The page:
No Dog Food: Around the ancient temples around Angkor Wat, I saw dogs begging for food. Their strategy was familiar. They watched people and their food, making it clear with their eyes and posture what they wanted. But, unlike many dogs in the US, who will get up close and personal with a stranger to get a treat, the dogs I saw kept their distance. I watched one woman toss food back behind the dog. I think she was trying to get the dog to leave her alone and back away. And though that woman never asked for a sit, the dog eventually sat, waiting for food.
It’s no surprise that the rural people and poorer communities do not feed dog food, as we know it, to the dogs. And, I didn’t see a lot of scraps of food being left around. So what are these dogs eating? They didn’t look too underweight. A study of village dogs in Zimbabwe estimates that a large part of the village dog diet comes from human waste (including poop). I would believe the same is true for these dogs. There is not a lot of infrastructure for waste removal in these communities.
How Much Exercise Do Dogs Need?
I only saw one dog on a leash during our whole trip— a small dog in Ho Chi Minh City. I didn’t see anyone walking a dog, and only a few dogs with collars. I read that in more upscale neighborhoods in Vietnam, dogs are generally confined to the yard and house. There were plenty of dogs in the floating villages, many tethered on deck. I doubt they ever get to dry land. I saw a couple of them eliminate on deck.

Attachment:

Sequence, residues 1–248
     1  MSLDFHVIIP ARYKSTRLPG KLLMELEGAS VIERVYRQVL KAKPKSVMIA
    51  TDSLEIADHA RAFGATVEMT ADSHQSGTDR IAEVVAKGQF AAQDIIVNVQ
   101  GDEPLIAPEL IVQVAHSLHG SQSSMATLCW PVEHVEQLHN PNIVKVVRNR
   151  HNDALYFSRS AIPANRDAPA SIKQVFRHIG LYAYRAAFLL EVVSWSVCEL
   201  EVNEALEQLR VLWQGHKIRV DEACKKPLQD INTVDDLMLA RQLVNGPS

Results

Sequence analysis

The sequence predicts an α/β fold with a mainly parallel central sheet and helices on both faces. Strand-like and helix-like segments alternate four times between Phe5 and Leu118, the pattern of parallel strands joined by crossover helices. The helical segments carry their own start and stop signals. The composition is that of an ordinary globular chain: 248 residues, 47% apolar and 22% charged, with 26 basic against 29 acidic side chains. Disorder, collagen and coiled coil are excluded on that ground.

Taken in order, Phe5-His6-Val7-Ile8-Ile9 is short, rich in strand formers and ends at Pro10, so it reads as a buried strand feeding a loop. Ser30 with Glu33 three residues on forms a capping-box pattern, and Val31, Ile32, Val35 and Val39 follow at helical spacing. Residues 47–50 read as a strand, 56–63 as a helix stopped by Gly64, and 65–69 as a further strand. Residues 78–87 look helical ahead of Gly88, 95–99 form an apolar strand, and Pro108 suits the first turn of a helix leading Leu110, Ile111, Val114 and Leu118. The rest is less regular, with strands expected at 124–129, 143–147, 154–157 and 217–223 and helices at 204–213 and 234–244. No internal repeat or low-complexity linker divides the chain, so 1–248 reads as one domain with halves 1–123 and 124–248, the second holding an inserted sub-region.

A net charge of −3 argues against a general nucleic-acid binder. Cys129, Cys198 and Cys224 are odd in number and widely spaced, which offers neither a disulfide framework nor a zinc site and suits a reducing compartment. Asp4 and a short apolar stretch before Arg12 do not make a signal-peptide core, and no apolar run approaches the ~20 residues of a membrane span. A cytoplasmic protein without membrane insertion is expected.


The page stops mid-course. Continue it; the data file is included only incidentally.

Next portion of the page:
It made me think that exercise, considered important for pet dogs here, is a reflection of the fact that our dogs are well fed, under stimulated, and afforded comfortable environments. When its hot, when food is scarce, and when resting out in the open requires keeping one eye open, exercise must not be that important. I did however, see puppies playing with each other a couple of times.
Do They Eat Dog in Cambodia and Vietnam?
Just a few decades ago, the Cambodian people suffered starvation and worse at the hands of the Khmer Rouge. During that time they ate whatever they could get. This was the explanation given for the large cricket traps we saw in the fields: people ate insects during desperate times, and they developed a taste for them. So, they still do. If insects, wild birds, and snakes are eaten, in addition to more common meats, wouldn’t dogs be eaten, too? We were told that dog is rarely consumed in Cambodia these days, in part due to the Buddhist respect for animals, and that eating dog is more common in Vietnam and China. Our guides said dog meat is most often sold to tourists from other parts of Asia. In Phnom Penh, I did see a dog on spit in a restaurant on the edge of town. And in another location nearby, I saw meat with rib bones of a size that to me seemed like dog. It’s a barbaric custom I abhor.
At the same time, nature’s emotionless processes resulted in an amazingly tight relationship: dogs protect us, and we protect them. They eat our garbage, and can also become human food. A study of free-ranging dogs found that free-ranging dogs are also the best among species at scavenging for carcasses. Perhaps, in our shared past with dogs, our dead bodies provided their nourishment.
If I were to go back to either of these great countries, I’d take along a translator, ask a lot more questions, and read all about village dogs. Much can be learned from how people and dogs interact in these and other places.
Butler, J. R. A., and du Toit, J. T., Diet of free-ranging domestic dogs (Canis familiaris) in rural Zimbabwe: implications for wild scavengers on the periphery of wildlife reserves, Animal Conservation, Volume 5 Issue 1, 2002. Blackwell Publishing. Link to article here